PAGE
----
Posts Tagged ‘Edgar Wright’
When I first learned that Bryan Lee O’Malley’s Scott Pilgrim vs. the World (2010) was slated to be a major motion picture distributed by Universal Studios, I was taken aback. I was always under the impression that SP was a moderately successful comic book franchise, but was sure to never escape the label of a cult classic series. After all, how many people around the world can be expected to identify with a skinny awkward bass player from Toronto, Canada, and his romantic, existential struggles?
It would seem that director Edgar Wright did. Known early on for British comedies such as Spaced (1999-2001) and later for feature films such as Shaun of the Dead (2004) and Hot Fuzz (2007), it may come as no surprise that O’Malley’s comics resonated with Wright. In short, he’s a geek with a geek’s palette for awkward humor anchored in video game and comic culture references, but how will writer’s Michael Becall and Edgar Wright’s humor translate to the masses, particularly those who won’t pick up on the film’s slew of Zelda references?
To be frank, I have no idea. I’m a geek myself. But I can say that for every joke that may fly over the heads of the less—ahem—“cultured” viewers, we find a slew of keenly paced moments of awkward dramatic humor driven by Michael Cera’s acting as Scott Pilgrim.
When I first learned that Cera was cast as Scott, I was somewhat annoyed. Scott Pilgrim is not Arrested Development’s George Michael, and though he may be awkward, he isn’t inept (not to say that George Michaels ineptness isn’t marvelous in its own way). Scott Pilgrim is awkward, yes, but Scott Pilgrim is also strong in an almost inexplicable way, even before he draws that flaming katana from his chest cavity. Fortunately, Cera taps into the multiple dimensions of his character within the film. Cera captures Scott Pilgrim’s awkwardness, his obliviousness, his selfishness, his charisma, and in the end, his strength and courage.
Likewise, the rest of the casting is stellar. Ellen Wong captures Knives Chau, from Knives’s trusting gaze to her psychotic stalker eye twitch. Mary Elizabeth Winstead imbues her Ramona Flowers with that same blunt, unforgiving, yet warm demeanor.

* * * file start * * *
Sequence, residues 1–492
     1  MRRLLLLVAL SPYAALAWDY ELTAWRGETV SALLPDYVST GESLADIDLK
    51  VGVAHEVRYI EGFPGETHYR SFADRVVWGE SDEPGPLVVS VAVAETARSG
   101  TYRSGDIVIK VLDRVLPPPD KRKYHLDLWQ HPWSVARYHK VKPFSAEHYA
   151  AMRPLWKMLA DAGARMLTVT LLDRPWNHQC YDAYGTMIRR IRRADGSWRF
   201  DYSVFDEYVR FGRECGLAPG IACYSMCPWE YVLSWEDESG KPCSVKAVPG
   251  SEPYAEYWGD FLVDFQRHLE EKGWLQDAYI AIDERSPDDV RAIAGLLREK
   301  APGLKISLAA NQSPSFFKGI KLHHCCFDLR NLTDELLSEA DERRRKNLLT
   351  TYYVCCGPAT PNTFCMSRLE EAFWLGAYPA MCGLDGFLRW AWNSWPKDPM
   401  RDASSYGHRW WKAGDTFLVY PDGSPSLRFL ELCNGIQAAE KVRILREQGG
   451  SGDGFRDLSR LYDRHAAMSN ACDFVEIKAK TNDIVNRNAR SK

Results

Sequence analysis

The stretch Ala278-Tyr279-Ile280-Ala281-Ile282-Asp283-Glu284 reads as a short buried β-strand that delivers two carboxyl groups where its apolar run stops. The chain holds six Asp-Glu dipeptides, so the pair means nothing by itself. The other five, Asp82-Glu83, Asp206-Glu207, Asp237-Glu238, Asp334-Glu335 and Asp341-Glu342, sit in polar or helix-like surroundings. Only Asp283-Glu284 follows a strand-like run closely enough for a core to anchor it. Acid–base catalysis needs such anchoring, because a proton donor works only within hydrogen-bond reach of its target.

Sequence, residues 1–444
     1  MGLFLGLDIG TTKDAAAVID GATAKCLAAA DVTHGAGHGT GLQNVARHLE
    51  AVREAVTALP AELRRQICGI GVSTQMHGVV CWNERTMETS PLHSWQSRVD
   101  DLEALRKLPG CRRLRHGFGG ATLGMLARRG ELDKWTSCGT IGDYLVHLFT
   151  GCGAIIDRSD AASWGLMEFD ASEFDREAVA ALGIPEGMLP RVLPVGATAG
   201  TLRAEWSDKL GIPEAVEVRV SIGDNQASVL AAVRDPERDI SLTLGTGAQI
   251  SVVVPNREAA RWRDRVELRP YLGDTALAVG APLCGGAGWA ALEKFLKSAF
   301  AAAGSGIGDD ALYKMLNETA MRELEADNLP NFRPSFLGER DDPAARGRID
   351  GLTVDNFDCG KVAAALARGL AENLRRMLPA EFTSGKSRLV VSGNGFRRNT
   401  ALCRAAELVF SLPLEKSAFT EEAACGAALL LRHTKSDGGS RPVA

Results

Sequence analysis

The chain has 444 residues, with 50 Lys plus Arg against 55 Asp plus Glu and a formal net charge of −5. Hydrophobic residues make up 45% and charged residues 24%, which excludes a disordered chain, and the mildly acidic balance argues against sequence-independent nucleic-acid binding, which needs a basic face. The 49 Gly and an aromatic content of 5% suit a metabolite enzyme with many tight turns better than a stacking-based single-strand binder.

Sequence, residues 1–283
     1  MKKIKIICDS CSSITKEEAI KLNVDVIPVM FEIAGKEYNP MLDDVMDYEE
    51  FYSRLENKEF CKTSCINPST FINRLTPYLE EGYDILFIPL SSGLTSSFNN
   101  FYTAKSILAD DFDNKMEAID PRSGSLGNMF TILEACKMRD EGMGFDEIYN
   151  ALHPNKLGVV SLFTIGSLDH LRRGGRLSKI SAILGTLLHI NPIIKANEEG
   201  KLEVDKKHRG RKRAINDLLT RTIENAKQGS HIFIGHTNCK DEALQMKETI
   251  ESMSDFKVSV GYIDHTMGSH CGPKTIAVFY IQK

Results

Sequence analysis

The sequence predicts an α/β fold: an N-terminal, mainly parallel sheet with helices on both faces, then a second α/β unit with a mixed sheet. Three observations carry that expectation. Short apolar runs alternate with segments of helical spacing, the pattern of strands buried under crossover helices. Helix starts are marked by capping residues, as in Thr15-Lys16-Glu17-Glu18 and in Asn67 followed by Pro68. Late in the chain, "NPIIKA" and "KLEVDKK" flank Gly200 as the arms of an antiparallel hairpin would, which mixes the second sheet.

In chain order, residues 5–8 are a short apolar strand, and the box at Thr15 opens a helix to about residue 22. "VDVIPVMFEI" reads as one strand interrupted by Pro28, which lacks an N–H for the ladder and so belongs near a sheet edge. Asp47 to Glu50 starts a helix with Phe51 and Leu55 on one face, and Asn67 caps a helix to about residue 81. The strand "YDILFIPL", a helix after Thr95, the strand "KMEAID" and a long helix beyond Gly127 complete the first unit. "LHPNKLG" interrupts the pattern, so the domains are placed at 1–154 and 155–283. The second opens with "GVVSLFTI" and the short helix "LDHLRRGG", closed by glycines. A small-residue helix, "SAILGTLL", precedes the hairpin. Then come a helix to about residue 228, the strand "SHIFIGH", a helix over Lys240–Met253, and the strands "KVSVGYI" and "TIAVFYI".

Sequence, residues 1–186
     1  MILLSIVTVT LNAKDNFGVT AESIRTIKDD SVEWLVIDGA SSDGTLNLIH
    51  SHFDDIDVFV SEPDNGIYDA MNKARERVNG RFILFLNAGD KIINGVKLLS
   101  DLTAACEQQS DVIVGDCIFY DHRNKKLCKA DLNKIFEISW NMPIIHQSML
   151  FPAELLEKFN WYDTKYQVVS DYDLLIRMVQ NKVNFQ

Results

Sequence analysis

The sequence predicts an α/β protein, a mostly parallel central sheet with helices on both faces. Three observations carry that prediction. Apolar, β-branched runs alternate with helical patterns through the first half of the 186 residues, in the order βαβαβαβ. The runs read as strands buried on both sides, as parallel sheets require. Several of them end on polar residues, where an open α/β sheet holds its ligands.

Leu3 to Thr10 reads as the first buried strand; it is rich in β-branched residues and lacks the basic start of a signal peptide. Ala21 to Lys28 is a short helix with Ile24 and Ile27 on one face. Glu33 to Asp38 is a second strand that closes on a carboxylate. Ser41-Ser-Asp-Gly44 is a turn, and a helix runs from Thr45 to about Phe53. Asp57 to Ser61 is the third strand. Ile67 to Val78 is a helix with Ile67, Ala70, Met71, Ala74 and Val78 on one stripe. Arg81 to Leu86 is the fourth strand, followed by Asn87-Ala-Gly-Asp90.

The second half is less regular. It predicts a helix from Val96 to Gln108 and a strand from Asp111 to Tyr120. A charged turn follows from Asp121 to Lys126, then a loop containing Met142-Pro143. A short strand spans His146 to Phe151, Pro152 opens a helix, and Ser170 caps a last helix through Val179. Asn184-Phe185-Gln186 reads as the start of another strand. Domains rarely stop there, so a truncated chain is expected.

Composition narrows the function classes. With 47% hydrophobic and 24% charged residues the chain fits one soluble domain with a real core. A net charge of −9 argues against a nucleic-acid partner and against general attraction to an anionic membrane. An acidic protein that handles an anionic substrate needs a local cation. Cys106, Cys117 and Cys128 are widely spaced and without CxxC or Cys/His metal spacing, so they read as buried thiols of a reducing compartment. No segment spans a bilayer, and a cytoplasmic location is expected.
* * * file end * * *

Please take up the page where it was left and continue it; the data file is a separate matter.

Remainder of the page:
The only qualm I have with the casting comes from the person I least expected to take issue with: Jason Schwartzman. Playing the part of Gideon Gordon Graves, Schwartzman comes across less as a sinister, wormy, yet hip foil for Scott Pilgrim and more as someone a lot dorkier than Pilgrim himself. He is even laughable at moments during his fight scene with Scott, whereas at no moment did I find myself thinking Cera looked too skinny and nerdy to be doing back flips and hammering enemies with roundhouse kicks.
Another issue that non-nerd viewers may take with the film is the pacing. The dialogue is fast, quippy, and the scene changes are even faster. This is all a part of the films overall aesthetic, and I do feel that it works well in the visual arena; however, some of the more gentle or heartfelt moments are sacrificed for speed or a quick joke. The first bedroom scene with Ramona and Scott comes to mind. In the comics the scene is a moment of emotional fluidity in the chaotic humor of the rest of the comic, whereas the film glosses over the moment relatively fast. It doesn’t ruin the film’s relationship of Scott and Ramona by any means, but I do wish there was a little more time given to a few more key moments of the story, both for non-comic fans and comic fans alike.
Perhaps the best thing going for Scott Pilgrim vs. the World is its visual aesthetic. Too often do comic book based films become polarized in their visual translation to the big screen. Either directors forsake almost all comic book influence for realism as seen in the X-Men films, or they literally attempt to make the screen a replica of a comic frame as seen in Sin City or 300. SP straddles the line nicely, retaining a plausible three-dimensional space for much of the film, but dropping it at need to shift into a more comic-centric aesthetic. Hopefully the film will open some doors in this realm and motivate directors to be a bit looser and adventurous in their mixture of comic and film aesthetics.